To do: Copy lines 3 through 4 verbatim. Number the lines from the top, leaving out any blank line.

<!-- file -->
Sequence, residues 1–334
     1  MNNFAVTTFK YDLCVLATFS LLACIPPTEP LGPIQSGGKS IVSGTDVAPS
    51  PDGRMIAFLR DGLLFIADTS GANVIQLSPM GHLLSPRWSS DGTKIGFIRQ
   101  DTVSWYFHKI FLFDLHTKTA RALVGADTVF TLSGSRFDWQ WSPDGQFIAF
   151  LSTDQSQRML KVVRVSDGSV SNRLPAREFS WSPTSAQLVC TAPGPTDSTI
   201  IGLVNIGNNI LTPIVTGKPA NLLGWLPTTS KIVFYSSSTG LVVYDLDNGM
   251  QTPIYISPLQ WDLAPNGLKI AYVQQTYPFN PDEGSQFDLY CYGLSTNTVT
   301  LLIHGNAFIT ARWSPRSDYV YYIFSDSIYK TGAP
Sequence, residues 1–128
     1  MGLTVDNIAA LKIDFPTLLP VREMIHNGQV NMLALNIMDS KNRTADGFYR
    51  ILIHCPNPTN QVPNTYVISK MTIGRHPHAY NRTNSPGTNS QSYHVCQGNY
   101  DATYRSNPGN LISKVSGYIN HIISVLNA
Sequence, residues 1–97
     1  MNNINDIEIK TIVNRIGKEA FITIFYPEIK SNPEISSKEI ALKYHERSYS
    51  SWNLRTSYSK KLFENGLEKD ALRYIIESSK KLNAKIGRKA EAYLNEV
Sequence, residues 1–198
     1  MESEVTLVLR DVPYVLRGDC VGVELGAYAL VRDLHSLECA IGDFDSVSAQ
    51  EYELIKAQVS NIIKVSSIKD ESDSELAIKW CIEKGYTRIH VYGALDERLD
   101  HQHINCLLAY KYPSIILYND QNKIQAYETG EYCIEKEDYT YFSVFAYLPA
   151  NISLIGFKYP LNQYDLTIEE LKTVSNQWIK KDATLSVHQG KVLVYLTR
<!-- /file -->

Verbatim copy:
    51  PDGRMIAFLR DGLLFIADTS GANVIQLSPM GHLLSPRWSS DGTKIGFIRQ
   101  DTVSWYFHKI FLFDLHTKTA RALVGADTVF TLSGSRFDWQ WSPDGQFIAF